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Educator against condoms in schools


Carol Martindale

Educator against condoms in schools

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“I am against the distribution of condoms in schools”.
In her own words, that’s the position of regional educator and coordinator in the North America Caribbean region for Education International Virginia Albert Poyotte.
She is clear and doesn’t waiver on her stand.
Albert Poyotte, who has been a teacher for the last 32 years, was recently quoted in media across the region as saying that she supported the call for condoms in schools.
This couldn’t be further from the truth and what this one time principal believes in.
In a recent telephone hook-up from St Lucia, the educator dealt with the issue, clearing up misunderstandings and misinterpretations, and put her cards on the table as far as the contentious and sometimes controversial issue of condoms in schools was concerned.
She believed it was necessary particularly since education officials and Caribbean nationals have been airing their views on the matter and taking issue with the comment attributed to her in a recent interview.
In Barbados, for example, some Barbadians believed there should be condoms in schools as a way to help protect the sexually active young people. Others disagreeds strongly, saying children were in school to learn, not to have sex.
President of the Barbados Union of Teachers Karen Best and president of the National Council of Parent Teachers Association, Rhonda Blackman were strongly opposed to the distribution of condoms in schools.
Antigua’s Education minister Dr Jacqui Quinn-Leandro also added her voice and said the distribution of condoms in schools would certainly not be a part of any policy in that country.
Albert Poyotte was not surprised at the reaction from her colleagues in the Caribbean, because that too was her position.
She is a firm believer in educating students and equipping them with the best information they can have.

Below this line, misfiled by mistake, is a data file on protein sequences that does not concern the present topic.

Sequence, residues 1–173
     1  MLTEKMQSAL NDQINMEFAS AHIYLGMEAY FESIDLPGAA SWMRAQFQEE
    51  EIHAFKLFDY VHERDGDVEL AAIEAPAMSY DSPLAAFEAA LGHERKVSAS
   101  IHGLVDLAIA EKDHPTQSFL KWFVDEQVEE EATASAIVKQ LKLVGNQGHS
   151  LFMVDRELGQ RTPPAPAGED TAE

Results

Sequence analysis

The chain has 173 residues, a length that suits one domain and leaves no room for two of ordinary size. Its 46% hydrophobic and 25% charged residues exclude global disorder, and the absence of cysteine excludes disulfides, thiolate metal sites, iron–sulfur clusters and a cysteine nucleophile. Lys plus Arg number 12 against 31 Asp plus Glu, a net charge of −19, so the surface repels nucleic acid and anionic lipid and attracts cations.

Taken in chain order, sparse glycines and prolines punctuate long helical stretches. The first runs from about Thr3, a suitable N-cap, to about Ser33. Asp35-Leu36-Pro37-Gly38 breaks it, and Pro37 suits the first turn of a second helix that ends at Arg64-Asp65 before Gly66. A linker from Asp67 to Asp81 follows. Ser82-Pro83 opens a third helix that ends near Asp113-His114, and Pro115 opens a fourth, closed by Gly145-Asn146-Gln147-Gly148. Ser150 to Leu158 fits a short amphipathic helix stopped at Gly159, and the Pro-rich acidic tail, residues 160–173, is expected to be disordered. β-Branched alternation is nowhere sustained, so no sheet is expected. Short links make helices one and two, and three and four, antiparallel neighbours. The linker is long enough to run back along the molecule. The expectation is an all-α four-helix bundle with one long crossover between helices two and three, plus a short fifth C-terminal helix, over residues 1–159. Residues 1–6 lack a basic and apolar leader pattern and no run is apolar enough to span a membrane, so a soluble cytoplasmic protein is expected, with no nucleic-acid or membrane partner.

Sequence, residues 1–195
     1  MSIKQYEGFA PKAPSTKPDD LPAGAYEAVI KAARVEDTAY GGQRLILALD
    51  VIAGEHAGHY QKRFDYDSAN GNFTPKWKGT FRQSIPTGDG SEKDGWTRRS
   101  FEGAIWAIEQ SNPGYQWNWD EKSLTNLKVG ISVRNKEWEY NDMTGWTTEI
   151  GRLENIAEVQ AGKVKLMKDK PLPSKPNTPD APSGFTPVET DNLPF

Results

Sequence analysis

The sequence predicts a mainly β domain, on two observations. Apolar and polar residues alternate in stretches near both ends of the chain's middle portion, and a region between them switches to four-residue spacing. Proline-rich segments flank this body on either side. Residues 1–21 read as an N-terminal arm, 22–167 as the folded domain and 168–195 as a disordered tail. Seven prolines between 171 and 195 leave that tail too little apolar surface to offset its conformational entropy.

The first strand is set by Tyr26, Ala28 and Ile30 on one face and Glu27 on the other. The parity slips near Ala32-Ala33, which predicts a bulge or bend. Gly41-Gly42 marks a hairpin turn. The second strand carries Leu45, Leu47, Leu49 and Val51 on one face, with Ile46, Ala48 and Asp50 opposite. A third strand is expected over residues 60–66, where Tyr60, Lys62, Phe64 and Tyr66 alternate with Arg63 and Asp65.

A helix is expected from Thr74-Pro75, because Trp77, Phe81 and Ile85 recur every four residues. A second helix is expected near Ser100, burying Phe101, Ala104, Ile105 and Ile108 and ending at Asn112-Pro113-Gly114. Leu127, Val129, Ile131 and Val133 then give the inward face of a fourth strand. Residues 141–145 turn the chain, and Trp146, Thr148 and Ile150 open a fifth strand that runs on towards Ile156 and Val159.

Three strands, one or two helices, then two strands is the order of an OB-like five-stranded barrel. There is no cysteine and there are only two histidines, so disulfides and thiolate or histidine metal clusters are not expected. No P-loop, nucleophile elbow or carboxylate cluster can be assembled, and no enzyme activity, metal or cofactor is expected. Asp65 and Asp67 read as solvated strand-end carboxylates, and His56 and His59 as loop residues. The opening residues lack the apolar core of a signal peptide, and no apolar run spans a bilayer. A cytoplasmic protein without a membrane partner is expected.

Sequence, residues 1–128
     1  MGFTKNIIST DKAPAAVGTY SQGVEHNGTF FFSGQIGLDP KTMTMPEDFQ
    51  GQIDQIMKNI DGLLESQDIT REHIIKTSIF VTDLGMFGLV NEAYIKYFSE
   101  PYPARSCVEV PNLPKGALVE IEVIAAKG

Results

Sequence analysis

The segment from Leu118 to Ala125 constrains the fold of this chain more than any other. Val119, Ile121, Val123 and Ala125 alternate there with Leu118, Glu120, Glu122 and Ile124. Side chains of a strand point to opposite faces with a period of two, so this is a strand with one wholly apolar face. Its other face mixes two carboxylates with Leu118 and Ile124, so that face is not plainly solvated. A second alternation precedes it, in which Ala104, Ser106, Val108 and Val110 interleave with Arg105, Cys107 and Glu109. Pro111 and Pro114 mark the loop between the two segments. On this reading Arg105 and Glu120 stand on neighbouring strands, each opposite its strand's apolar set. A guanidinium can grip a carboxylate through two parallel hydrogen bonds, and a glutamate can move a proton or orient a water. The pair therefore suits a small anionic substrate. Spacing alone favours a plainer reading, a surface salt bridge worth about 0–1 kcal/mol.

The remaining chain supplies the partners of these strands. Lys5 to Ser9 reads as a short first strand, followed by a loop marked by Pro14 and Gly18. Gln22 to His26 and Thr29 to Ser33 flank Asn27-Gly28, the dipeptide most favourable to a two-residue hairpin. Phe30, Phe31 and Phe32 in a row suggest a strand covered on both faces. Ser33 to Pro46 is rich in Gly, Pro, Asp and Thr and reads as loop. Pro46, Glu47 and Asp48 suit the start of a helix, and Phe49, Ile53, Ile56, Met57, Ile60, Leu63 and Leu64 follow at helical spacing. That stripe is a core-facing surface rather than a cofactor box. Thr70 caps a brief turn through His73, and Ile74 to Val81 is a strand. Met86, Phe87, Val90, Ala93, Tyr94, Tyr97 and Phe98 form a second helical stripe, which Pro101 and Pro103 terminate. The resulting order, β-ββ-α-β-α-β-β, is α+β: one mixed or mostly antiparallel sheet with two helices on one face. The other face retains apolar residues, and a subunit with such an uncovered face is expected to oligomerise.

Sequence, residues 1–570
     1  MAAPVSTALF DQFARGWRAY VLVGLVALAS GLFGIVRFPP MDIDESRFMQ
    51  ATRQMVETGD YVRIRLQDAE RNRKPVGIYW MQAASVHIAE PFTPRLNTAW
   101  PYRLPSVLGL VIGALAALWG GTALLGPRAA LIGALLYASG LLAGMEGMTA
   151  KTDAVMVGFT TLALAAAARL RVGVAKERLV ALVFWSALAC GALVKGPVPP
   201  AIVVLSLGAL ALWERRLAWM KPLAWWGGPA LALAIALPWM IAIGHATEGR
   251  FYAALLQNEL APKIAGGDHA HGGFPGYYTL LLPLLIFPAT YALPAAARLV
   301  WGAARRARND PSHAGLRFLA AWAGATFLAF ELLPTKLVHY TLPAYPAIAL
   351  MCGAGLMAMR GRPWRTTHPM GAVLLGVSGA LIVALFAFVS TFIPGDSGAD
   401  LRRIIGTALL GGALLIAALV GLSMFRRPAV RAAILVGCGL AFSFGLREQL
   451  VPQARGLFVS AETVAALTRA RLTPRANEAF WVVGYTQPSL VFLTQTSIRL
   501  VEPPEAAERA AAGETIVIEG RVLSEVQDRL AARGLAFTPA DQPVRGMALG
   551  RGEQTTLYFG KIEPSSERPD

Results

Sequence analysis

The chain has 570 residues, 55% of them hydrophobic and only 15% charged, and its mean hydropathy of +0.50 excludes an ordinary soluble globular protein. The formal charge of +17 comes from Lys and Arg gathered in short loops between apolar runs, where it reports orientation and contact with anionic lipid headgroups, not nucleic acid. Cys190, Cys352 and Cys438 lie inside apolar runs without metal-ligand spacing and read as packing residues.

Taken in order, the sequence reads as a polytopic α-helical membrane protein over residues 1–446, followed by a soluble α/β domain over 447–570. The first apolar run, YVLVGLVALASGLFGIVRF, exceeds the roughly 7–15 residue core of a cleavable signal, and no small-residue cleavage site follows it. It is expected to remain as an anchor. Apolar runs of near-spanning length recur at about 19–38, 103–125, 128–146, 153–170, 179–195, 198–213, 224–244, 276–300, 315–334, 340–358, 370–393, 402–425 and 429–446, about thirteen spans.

“Our responsibility is to educate students and they are to act responsibly. I am against the distribution of condoms in schools. Our responsibility as educators is to educate and give the best information as possible – the rest is left to children and parents,” she said.
Part of that education focuses on the message of abstinence. Teachers are relentless, she said, in preaching this to students.
“We want students to focus on their studies and their future and delay sexual activity until they are mature. We strongly advocated abstinence among students. They are students and we don’t expect them to engage in sexual activities. We don’t expect them to act like adults”.
However, Albert Poyotte says she is not under any misguided notions that all young people were abstaining. On the contrary, in fact, because she said there were some bold and brazen young people who “let you know up front and to your face” that they are having sex.
For these adventurous teens, the talk of the use of condoms as a preventative measure from contracting HIV/AIDS, guarding from sexually transmitted diseases, and teenage pregnancies must be broached, she believes.
“We as educators give the best knowledge. I am fully aware that many of the youth may choose to be adventurous and may not decide to abstain from sexual activity. In discussions with students some say they do have sex. We can’t pretend it doesn’t happen,” she said.
The educator recognized that the question arising, however, has always been whether or not students should have access to condoms and if they should be distributed in schools.
She referred to conference in Jamaica some years ago where the issue was on the agenda for discussion. “There was a long debate on it. The position taken was that our responsibility is to educate students, not to take on the responsibility for the distribution of condoms. I agree with this position,” said.
Albert Poyotte, who was also a principal for 14 years, said her position was one where children needed to be educated on the prevention of HIV/AIDS and other STDs.
“Prevention is better than cure. Our emphasis is on prevention. In looking at prevention the best target group is students,” she said. The educator said it was not all bout “chalk and talk” but also drama to drum home the pertinent points.
The past president of the St Lucia Teachers’ Union said there was a five-year training programme for teachers aimed at safeguarding the youth, which focused not only on education for all, but also HIV/AIDS, especially prevention.
The $10 million (Euros) programme, which ended last year after being conducted in 12 Caribbean countries, also emphasized abstinence among young people.
She, however, acknowledged there was only so much teachers could do.
“We educate, we maintain close contact with parents and we educate parents as best as we can too. We approach the wider society,” she said, saying the aim is to ensure that all children had access to education.
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